Baseball has been a long-standing tradition in America, with its roots reaching back to the 1800s, when the Major League Baseball (MLB) organization officially formed in 1869. It is the oldest sports organization in North America, pre-dating the NFL, NHL and NBA. Baseball was also the first sport to form a league exclusively for black players, when the Negro National League was established on Jan. 13, 1920.
Throughout the history of baseball, black men played the game as it rose in popularity after the American Civil War. The Negro National League was established to give black baseball players more accessibility to the nationally-acclaimed sport in a world where Jim Crow laws segregated sports as well as everyday life.
The Negro National League was founded by Rube Foster, who was one of the best players during the early 20th century. Foster gained notoriety as a pitcher for the Philadelphia Cuban X-Giants in 1902 and rose to fame after winning 44 games in a row for his team.
Foster partnered with the son-in-law of the Chicago White Sox owner, Charles Comiskey, and formed the Chicago American Giants in 1911. The team played in the White Sox’s old stadium, South Side Park, with Foster as their manager. The team grew in popularity, but a trend was starting to show; teams of black baseball players often had their receipts tightly controlled by white booking agents. These agents often dictated where the teams could play and often would shortchange team owners because if they were to object, these bookkeepers could refuse to find the teams venues to play.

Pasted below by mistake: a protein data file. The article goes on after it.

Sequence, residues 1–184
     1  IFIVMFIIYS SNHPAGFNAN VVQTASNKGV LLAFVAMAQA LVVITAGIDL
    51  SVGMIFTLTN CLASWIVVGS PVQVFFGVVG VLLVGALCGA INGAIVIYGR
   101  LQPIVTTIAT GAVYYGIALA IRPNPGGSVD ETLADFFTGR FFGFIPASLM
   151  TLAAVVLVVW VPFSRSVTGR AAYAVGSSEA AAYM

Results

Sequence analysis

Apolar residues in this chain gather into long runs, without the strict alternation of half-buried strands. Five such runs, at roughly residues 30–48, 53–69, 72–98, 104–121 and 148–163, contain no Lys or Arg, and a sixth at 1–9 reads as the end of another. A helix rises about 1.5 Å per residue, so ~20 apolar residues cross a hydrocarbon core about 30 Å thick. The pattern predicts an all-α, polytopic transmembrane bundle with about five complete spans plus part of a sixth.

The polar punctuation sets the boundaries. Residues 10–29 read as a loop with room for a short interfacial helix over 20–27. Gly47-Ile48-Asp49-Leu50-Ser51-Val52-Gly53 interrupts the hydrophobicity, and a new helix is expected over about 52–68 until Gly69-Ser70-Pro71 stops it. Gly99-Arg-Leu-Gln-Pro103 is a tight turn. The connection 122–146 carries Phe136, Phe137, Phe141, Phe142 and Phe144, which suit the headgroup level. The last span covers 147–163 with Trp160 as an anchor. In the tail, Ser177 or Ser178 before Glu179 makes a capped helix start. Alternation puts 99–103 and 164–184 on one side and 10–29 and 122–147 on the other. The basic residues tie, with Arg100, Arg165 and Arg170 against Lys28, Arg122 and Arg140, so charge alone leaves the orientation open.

Foster then realized that to maintain engagement for any baseball teams with black men on them, it made sense to establish an organization which catered to and understood the needs of black players. Foster wrote a series of columns in the Chicago Defender during 1919, in which he exclaimed that it was necessary to create a black professional baseball league “that would create a profession that would equal the earning capacity of any other profession.” He later convinced his fellow team owners that a Negro National League would benefit players, team owners and cement a place for black baseball players.
When the Negro National League was founded, it was the first black baseball circuit to last more than one season. It mainly functioned for midwestern cities, although it did expand in 1924 to add franchises in Birmingham and Memphis. However, the Negro National League was unable to bear its own weight when scheduling conflicts, umpiring conflicts and Foster’s declining mental health eventually saw the league dissolve in 1931 under the pressure of the Great Depression.
The Negro American League, which was founded in 1937, succeeded the Negro National League. It eventually disbanded during its 1962 season but served many of the same teams that the Negro National League had during its time. When Jackie Robinson of the Kansas City Monarchs broke through the color barrier and into the Major League in 1947, the decline of exclusively black baseball teams followed close behind. While the Negro National League fell out of vogue, it helped to bring black baseball stars into the public eye and level the playing field, allowing for many leaps and bounds in the sport of baseball.